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Describing patterns using rules and finding unknown terms

4.4 Describing patterns using rules and finding unknown terms

You have already seen that we can describe patterns in different ways. You have had a chance to discover how to investigate patterns, create rules, and find the unknown terms. We will now look at more examples and strategies.

Look at the pattern below:

We can easily work out the number of squares that will be in picture \(5\):

  • The bottom row of squares gets \(2\) more squares, \(1\) on each side.
  • The vertical arrangement of squares gets \(1\) square on top.
  • So, there must be \(13\) squares in picture \(5\).

It is easy to find the number of squares in the picture that follows a given diagrammatic arrangement. However, it will be more difficult to find the number of squares in picture \(20\) without knowing the rule.

Let’s try to organise the information in the table:

Pattern number Number of squares
1 1
2 4
3 7
4 10
5 13
6  
20  

Looking at the numbers forming in the \(2\)nd row of the table, we can see that the sequence is growing by adding \(3\) to the previous term: \(1;4;7;10;13;\ldots\)

To find a way to get to term \(20\), or even better, to find the rule that does not depend on knowing the previous term, we need a plan…

Plan A

To get from \(1\) square to \(4\) squares, you have to add \(3\) squares. To get from \(4\) squares to \(7\) squares, you have to add \(3\) squares. To get from \(7\) squares to \(10\) squares, you have to add \(3\) squares. So continue to add \(3\) squares for each pattern until pattern \(20\).

Plan B

Multiply the position of the picture in a pattern by \(3\), and subtract \(2\). So, pattern \(\mathbf{20}\) will have \(\mathbf{20} \times 3 - 2\) squares.

If we use Plan B, then we can find the general rule. Let \(n\) be the position in a pattern, then the rule is: Number of squares \(= n \times 3 - 2\) squares or \(3n - 2\). Check that this works.

Pattern number, n Number of squares, 3n − 2
1 3(1) − 2 = 1
2 3(2) − 2 = 6 − 2 = 4
3 3(3) − 2 = 9 − 2 = 7
4 3(4) − 2 = 12 − 2 = 10
5 3(5) − 2 = 15 − 2 = 13
6 3(6) − 2 = 18 − 2 = 16
20 3(20) − 2 = 60 − 2 = 58

Worked example 4.14: Finding a formula to describe a pattern (linear)

Consider the following pattern:

How many squares will there be in the fifth picture? Determine a formula for the number of squares (𝑠) that will be in the 𝑛th picture in the sequence (the formula for the general term). Hence, determine the number of squares needed to make the \(23\)rd picture.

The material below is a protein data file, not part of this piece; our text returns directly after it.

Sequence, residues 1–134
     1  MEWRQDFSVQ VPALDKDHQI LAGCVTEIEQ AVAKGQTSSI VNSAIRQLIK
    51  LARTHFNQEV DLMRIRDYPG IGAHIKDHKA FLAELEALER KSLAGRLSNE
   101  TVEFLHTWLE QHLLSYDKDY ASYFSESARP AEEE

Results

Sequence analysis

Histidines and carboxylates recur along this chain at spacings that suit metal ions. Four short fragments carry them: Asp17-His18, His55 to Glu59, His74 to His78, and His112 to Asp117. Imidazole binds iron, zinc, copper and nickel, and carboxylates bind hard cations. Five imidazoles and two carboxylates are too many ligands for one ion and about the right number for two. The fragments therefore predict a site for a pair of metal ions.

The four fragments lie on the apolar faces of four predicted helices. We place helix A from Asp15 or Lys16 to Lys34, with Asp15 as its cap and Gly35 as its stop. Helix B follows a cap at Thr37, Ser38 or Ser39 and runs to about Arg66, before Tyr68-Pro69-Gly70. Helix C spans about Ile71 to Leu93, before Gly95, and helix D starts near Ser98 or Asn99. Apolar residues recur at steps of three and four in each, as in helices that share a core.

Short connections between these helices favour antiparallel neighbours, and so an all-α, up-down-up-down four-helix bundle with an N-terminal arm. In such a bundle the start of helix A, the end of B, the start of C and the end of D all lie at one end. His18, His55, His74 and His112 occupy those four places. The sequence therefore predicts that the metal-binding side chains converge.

Determine how each diagram is formed.

If we look at the pictures, we can see that five squares are added each time.

Determine the number of squares in the next picture.

We must continue this pattern to get the number of squares in the fifth picture:

\[22 + 5 = 27\]

Therefore, the fifth picture will contain \(27\) squares.

Look for a pattern in the picture.

  • The first picture has one row of five squares, plus two squares on top.
  • The second picture has two rows of five squares, plus two squares on top.
  • The third picture has three rows of five squares, plus two squares on top.
  • And so on.

Find the rule.

Therefore, the 𝑛th picture will have 𝑛 rows of five squares, plus two squares on top. Algebraically, this is written as \(s = 5n + 2\).

Find the number of squares in the 23rd picture.

Substitute \(n = 23\) into the formula.

The formula gives us a rule to calculate the number of squares, given the picture number.

\[s = 5n + 2 = 5(23) + 2 = 117\]

Therefore, there will be \(117\) squares in the \(23\)rd picture.

Worked example 4.15: Finding a formula to describe the pattern (quadratic)

Consider the following pattern:

  • How many squares will there be in the next picture?
  • Give an expression or formula for the number of squares (𝑠) in the 𝑛th picture.

Notice the square part of each term.

One way to answer this question is to notice the perfect squares that form part of each picture. They are the square of \(1\) (\(1\)), then the square of \(2\) (\(4\)), and so on.

Find the number of squares in the next picture.

The number of squares in each picture is equal to its term number squared, plus five extra blocks on top. So the fifth picture will have \(5^{2} + 5 = 30\) squares.

You could also answer this question by looking at the pattern in the differences between the terms:

The differences increase by \(2\) each time. So, the next difference will be \(9\). \(21 + 9 = 30\), so this method also gives an answer of \(30\) squares.

Find the formula.

The number of squares in each picture is equal to its term number squared, plus five extra blocks on top.

The formula is therefore \(s = n^{2} + 5\).

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